All my life long it has been my motto to try everything at least once. To risk everything once – although I might not do it a second time if it is too frightening. When I talked about my ideas with others, I always mentioned skydiving as an example of something I would do without hesitation. I have never done it though. Not yet.
A few years ago, my approach towards medicine and healing was straightforward and rather simple. I took paracetamol when I felt bad and I took antibiotics when I felt really bad. I did not scrutinize, nor did I bother to read about alternative therapies. My lifestyle was not as healthy as it could have been. Although my immune system was rather weak already, I did not care enough to make any radical changes or get to the bottom of my health issues. All this changed, when I was diagnosed.
What about your New Year’s resolutions? Do you usually get very far? Do they last for the whole year, are they forgotten after a few months or even a week? According to the statistics, less than ten percent achieve what they initially wanted, that’s a bit scary. Naturally, as a chronic illness warrior I have lots of goals to set each New Year’s Eve. I revise my energy, physical abilities, potential risks and possibilities. Some of my resolutions are health-related – they concern special diets and workouts. Others have to do with the way I combine my private and professional life. Will I get far with my brand new resolutions? No idea. Still: I have a word of comfort for you.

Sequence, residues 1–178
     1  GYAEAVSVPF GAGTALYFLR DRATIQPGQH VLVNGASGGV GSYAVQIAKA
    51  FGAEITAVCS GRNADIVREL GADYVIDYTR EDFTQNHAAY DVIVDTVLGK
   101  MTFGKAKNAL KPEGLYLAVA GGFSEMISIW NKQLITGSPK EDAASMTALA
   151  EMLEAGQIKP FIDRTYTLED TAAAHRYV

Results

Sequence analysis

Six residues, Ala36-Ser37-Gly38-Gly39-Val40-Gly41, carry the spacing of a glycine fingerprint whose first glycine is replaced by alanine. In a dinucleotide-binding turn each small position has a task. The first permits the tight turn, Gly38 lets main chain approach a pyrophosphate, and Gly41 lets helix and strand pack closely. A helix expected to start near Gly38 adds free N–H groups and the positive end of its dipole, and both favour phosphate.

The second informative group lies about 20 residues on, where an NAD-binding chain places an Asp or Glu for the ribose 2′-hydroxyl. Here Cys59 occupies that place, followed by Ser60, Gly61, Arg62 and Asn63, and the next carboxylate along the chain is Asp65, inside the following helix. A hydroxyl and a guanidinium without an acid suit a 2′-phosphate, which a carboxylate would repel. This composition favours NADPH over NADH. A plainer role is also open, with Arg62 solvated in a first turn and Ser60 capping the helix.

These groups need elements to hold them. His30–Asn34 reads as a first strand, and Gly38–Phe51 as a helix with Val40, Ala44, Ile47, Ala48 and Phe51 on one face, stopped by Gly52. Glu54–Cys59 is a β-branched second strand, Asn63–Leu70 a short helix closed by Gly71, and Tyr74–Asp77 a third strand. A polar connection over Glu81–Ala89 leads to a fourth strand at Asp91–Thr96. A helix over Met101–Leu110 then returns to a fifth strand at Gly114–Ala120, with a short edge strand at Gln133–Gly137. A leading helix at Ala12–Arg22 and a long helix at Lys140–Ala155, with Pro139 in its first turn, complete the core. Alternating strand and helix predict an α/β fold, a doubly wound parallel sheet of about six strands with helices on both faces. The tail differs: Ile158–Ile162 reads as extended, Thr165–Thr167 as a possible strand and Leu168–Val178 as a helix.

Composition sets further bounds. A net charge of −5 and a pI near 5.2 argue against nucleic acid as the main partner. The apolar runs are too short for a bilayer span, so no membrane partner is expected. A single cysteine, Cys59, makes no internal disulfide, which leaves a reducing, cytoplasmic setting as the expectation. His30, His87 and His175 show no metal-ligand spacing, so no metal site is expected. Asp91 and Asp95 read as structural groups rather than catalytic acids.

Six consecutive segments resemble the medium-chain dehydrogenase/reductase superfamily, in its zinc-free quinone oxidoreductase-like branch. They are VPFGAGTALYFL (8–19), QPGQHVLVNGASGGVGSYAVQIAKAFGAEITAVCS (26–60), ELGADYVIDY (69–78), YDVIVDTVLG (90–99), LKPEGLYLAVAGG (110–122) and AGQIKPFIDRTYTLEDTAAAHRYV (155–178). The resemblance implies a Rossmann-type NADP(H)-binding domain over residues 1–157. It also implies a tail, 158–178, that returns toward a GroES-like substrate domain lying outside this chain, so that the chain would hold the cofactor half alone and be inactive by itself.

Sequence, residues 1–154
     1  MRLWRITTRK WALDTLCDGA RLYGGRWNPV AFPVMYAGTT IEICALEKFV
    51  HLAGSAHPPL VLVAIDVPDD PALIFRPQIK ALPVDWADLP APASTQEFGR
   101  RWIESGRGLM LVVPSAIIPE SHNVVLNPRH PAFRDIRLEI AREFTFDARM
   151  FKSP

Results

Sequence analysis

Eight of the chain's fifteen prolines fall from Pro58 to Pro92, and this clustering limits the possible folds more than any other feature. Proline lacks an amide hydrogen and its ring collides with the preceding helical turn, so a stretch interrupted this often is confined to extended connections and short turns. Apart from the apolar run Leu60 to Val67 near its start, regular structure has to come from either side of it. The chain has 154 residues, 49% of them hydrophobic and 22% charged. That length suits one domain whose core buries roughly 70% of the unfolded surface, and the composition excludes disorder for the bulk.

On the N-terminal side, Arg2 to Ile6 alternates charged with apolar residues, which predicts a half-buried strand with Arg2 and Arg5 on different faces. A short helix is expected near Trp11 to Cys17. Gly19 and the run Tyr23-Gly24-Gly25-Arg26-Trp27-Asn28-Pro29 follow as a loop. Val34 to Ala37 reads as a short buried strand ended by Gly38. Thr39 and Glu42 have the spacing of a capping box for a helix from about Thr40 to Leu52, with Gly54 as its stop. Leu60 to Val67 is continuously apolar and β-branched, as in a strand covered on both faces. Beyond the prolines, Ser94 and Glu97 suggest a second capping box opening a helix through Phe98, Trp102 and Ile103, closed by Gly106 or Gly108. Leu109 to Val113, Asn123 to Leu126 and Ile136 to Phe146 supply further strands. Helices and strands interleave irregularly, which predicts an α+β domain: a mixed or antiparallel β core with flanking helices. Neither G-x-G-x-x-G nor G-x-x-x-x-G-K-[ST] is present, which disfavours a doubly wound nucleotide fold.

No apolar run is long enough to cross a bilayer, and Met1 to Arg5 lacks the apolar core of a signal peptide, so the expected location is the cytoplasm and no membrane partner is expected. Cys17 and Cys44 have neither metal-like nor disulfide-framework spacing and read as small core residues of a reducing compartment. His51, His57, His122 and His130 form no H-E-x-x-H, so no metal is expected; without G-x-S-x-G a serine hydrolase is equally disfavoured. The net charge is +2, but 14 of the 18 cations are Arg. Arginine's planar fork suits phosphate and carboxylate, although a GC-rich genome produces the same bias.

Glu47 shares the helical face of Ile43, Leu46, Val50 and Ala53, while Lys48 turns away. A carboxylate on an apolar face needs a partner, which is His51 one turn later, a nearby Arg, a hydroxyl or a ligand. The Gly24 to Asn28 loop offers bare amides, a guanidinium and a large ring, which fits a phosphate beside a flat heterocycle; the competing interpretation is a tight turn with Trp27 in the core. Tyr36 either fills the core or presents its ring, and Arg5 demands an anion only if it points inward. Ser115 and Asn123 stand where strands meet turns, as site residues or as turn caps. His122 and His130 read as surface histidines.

I have always had a weak immune system. Antibiotics have often saved me. I never questioned those physicians who prescribed them generously to me over the course of the years. No wonder. Antibiotics have always worked for me – so far. But what if they don’t anymore? What if a patient develops resistance?
My chronic disease is an invisible one, which means that there will always be quite a lot of things you don’t see by just looking at me. In summer, I went to my home country where I wanted to meet up with each and everybody. I had a booming social life and was surprised by my own activity level. People who know about my CLL are usually disappointed when we meet, because there is not much to see. I will tell you about the things none of them could see while I was partying.
Do you know the saying that bad news travel fast? Well, so does chronic disease. Once you are diagnosed, you are constantly aware of symptoms and their influence on your life. And within shortly, you have to adapt to a completely new lifestyle. I try to beat my cancer by being faster. As long as I am strong enough, I want to be one step ahead.